People make comparisons because they use both and find Google docs perfectly adequate to their needs. I have to use Office 2007 for work and I use Google docs on my own because I want to. I find the “Ribbon” in 2007 a complete obstacle and still hate it. I find Google docs works just fine and I don’t have to use the help system to find commands.

        Criticizing is not bashing: there is a difference. We who criticize do so because we have a reason to care about a company going down the wrong path. Indeed, it’s the inability to understand that criticism should be listened to that’s driving the ship into trouble.

        Here’s an example: I won’t use SkyDrive because Microsoft refuses to use adequate security to protect your credentials. Google docs has two factor authentication. You Microsoft ID doesn’t and that system has a history of problems with account hijacking. So I’m not going to trust my data to it until that issue is addressed.

        • bnlf

          “because i want to” is no argument. You like Google and that’s why you use Google Docs and the reason you use it is just because you dont really work with docs or spreadsheets that much (if you ever had to actually use it, most ppl just say they use something to make a point) otherwise you’d feel the need for something better. As far as security is concerned Microsoft has all the features you need. You can use your mobile as token, you can set only the computers you want to be able to sign in and a few other options if you’d like those painful security checks. The “history of account hacking” is just an invention of yours. As far as security and privacy concerns, Microsoft is beyong Google. It’s your hating against Microsoft that makes your arguments pointless. Guess what, Google just want your money like Microsoft. They dont like you more and you won’t be less “cool” just because you use something from Microsoft.

    • guest

      If you invested half as much time researching the subject matter as you do posting your non-stop negative rants, you could save all of us a lot of time.

  • Bryan Mistele

    Am I the only one that thinks there won’t exactly be scads of people lining up to pay a $100/year subscription for Office? I can’t imagine the whole idea of renting desktop software in this day and age will be very well received.

    • http://twitter.com/browsetech Site Central

      In other places of the world it’s even more expensive, 145 USD in Norway. Somehow I don’t think I will buy the new Office.

  • Dave

    Important to note the $100 per year for five devices versus $140 or $210 per device forever. The cloud hub seems very interesting and would be really interesting for me if they had an iPad app.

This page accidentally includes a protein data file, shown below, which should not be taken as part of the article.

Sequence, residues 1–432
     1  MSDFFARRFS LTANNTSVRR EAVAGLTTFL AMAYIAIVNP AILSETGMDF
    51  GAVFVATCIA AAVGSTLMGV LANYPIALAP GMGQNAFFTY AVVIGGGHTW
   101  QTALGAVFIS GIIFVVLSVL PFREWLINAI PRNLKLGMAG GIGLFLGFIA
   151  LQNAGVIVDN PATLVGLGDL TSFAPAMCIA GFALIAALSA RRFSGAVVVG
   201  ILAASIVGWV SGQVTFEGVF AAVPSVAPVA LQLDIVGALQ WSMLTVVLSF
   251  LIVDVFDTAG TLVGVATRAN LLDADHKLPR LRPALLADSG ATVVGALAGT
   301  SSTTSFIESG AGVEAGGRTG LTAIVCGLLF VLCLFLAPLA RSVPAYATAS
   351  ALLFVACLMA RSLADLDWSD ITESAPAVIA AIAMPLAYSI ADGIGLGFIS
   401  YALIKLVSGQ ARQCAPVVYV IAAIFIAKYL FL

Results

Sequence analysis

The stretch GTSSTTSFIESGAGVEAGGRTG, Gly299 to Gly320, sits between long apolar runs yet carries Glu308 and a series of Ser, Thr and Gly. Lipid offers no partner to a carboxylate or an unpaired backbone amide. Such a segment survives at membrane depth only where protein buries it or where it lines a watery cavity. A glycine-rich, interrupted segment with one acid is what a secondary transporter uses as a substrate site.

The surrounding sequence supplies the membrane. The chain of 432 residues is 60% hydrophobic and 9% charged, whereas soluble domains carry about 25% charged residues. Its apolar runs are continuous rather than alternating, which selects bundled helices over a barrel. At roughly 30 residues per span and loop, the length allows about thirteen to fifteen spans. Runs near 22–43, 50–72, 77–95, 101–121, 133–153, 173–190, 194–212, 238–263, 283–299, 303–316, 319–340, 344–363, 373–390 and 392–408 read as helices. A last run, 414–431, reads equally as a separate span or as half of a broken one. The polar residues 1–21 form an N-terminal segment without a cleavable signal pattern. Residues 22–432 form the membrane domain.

However, I only use one Windows machine at home (kids have another) plus my iPads and smartphone. I use Google docs for free for the personal things I want to access on any device, Microsoft on a PC for other things or where required for one reason or another. Without an iPad app, I don’t see a lot of utility for me in the subscription. I get 4+ years out of my home PCs and the cloud product does not allow access to my key other content consuming device (iPad) at home so the utility seems limited relative to a one-time license cost that is good for the survival period of the PC. But a very interesting concept. A lot more interesting at the $50 per year Google charges for the premium Google accounts than at $100.

    • guest

      It also includes 60 Skype minutes a month and 20GB of additional Skydrive storage. They need to highlight that more.

  • guest

    $100/year doesn’t seem like that much; it’s less than $10/month. But then again, I don’t really know who uses the full Office at home for personal use only (I think you’re not supposed to use this for business stuff, right?)

  • Mike_Acker

    Come to Linux .

    • Predictable shill

      Well done. Feel better?

  • Guest

    I don’t know, as of late I have found myself criticizing Microsoft a lot for their outlandish business decisions, but Office on 5(!) devices for $100/year is pretty cool. I really expected it to be much more, perhaps even $100 per single license. That would have been a predictable move by MS, but this is actually very attractive. At least here in the US, overseas I suspect that Microsoft will push many towards free solutions. I personally run Linux (and Windows only in a VirtualBox), therefore I use mostly Libre Office, but sometimes I still like to go back to Office because PowerPoint simply can’t be beat. So this could be a nice venue to keep Office around. Surprising really.

  • guest

    google docs folks. screw microsoft.